Additionally, this type of eruv is known technically as an eruv chatzeirot (עירוב חצרות), which translates as "mixing ownership of domains." For more on the eruv, as well as the other types of eruv known as eruv tavshilin and the eruv techunimclick here

How To

Although chapters 1 and 11 of Talmud tractate Shabbat discuss the melacha of carrying or transferring, the essential rules for an eruv were established by Rambam in the Mishnah Torah, Hilchot Eruvin 1:1-7 and 2:10, as well as the Shulchan Aruch Orah Chayim 366:1 and 382:1. 

The Talmud explains four types of domain, which are exempt areas, private areas, public areas, and semi-public areas. These designations don't refer to ownership, but rather to layout. Thus, a private area is one that is enclosed by walls that are at least 10 tefachim (about 3 feet) tall, a public area is one that is at least 16 mot (about 28 feet) wide, and so on.

According to this and the Biblical verses of origin, the following rulings (and many more that will not be detailed here but can be found here) were established:

  • transferring an item from a private to public domain is Biblically forbidden
  • transferring an item from a semi-public to private or public domain is Rabbinically prohibited
  • transferring an item from an exempt area to any other domain is permitted
  • carrying inside one's own private domain is completely permitted

In a perfect world, the borders of any eruv would be solid walls. For example, the Old City of Jerusalem, with its surrounding walls, allows for an individual to leave his or her home and walk in public spaces without violating any prohibitions. But the rabbis dictated that a wall can be a wall without being solid, thanks to the use of doorways.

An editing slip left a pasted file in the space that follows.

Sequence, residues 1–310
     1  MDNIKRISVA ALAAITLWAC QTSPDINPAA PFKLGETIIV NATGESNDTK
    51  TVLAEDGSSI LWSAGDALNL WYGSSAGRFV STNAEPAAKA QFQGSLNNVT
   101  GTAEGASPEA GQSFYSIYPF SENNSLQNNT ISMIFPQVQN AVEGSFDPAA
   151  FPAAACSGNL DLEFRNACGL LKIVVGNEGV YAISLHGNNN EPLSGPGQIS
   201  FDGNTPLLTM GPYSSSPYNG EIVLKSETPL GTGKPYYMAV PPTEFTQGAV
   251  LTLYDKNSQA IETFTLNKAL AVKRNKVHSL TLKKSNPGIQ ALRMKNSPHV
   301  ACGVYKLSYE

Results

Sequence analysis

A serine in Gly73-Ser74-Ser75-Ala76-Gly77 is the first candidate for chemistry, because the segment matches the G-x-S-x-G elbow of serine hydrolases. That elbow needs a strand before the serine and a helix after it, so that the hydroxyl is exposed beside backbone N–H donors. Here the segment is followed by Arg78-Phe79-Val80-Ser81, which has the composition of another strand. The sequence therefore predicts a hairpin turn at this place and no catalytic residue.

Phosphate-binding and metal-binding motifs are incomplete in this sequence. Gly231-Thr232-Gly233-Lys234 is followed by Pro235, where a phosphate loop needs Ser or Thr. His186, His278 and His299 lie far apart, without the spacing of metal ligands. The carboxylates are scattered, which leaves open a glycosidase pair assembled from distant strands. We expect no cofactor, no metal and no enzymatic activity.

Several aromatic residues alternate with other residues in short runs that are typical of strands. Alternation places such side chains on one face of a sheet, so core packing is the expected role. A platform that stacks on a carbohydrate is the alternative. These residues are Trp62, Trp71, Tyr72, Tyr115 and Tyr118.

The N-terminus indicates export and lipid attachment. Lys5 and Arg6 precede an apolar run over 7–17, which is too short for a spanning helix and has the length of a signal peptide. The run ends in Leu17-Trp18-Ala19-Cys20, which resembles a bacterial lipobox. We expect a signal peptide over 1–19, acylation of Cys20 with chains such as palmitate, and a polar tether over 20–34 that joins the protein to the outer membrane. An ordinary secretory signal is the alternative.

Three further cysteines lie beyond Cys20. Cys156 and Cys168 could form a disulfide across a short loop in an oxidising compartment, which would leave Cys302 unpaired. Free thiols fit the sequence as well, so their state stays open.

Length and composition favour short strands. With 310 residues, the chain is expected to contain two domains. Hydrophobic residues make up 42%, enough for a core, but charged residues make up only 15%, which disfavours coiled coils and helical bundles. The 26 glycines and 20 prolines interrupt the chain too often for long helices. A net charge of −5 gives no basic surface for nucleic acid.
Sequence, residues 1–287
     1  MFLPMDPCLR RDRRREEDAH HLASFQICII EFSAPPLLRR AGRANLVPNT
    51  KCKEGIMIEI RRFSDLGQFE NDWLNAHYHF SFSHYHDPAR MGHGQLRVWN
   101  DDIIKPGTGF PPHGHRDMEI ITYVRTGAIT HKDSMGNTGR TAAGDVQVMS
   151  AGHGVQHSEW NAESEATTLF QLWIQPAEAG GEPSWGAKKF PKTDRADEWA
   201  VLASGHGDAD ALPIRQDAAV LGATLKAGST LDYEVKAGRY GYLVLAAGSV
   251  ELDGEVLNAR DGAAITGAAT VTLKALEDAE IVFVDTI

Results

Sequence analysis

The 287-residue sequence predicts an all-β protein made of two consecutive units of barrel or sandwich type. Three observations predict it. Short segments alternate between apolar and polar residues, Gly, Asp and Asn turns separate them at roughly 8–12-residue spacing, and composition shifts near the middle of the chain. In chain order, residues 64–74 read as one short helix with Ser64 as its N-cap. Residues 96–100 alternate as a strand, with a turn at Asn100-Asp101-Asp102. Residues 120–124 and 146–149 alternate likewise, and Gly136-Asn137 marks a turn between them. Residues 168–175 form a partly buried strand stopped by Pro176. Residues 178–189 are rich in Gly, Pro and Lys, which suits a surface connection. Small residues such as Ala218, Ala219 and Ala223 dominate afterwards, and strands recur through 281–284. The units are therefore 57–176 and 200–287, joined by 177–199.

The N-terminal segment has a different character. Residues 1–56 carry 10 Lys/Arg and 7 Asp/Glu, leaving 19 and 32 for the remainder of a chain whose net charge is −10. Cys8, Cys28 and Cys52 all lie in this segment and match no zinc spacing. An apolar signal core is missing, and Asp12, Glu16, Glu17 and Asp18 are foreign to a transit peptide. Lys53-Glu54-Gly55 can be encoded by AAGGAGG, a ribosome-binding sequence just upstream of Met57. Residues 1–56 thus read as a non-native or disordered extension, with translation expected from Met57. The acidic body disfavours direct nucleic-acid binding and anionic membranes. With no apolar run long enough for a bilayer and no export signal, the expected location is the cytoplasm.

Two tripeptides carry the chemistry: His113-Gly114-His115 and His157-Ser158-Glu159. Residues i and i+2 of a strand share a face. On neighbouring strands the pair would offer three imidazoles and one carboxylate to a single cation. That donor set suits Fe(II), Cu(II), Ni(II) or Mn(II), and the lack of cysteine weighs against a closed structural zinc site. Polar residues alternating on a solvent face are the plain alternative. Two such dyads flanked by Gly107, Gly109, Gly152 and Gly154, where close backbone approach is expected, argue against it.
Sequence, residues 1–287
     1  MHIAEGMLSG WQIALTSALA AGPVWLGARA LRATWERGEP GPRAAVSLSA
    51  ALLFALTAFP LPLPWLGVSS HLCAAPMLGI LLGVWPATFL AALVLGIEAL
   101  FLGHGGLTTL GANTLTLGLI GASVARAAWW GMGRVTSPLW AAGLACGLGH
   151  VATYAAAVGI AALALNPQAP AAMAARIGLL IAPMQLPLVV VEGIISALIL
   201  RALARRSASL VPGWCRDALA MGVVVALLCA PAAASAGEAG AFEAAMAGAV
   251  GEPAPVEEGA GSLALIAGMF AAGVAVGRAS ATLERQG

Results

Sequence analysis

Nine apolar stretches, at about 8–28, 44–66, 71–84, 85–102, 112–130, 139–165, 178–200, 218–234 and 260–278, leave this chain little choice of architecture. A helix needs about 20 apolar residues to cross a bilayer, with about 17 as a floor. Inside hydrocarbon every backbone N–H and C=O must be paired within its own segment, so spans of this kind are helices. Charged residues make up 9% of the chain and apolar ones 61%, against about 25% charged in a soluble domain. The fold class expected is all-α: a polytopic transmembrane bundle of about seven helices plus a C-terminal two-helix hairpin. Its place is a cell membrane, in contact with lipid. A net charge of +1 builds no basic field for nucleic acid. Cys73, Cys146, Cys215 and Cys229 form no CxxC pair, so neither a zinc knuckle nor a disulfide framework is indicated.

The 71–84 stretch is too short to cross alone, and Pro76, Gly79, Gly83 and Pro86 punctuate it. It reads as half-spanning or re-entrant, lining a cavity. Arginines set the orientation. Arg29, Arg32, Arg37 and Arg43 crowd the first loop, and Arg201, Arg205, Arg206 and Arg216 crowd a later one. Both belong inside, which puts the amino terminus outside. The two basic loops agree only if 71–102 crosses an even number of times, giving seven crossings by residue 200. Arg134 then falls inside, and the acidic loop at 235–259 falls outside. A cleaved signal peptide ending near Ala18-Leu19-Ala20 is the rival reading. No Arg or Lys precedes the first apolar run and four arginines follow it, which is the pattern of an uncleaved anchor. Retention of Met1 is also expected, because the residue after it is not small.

So as a community creates an eruv by establishing physical boundaries, light or power poles are often used as the frames of what would be considered large doorways. Then, a string or wire is hung from one pole to the next to create the lintel in a series of doorways that ultimately make up a wall. In some instances, fences and natural features like a lake or river may be used to delineate an eruv's boundaries, too. 

Therefore, the eruv enclosure may be created by telephone poles, for example, which act as the vertical part of a door post in a wall, with the existing cables strung between the poles acting as the lintel of the doorframe. As such, the entire "wall" is actually a series of "doorways." Added to that there may be existing natural boundaries and fences that help establish the eruv.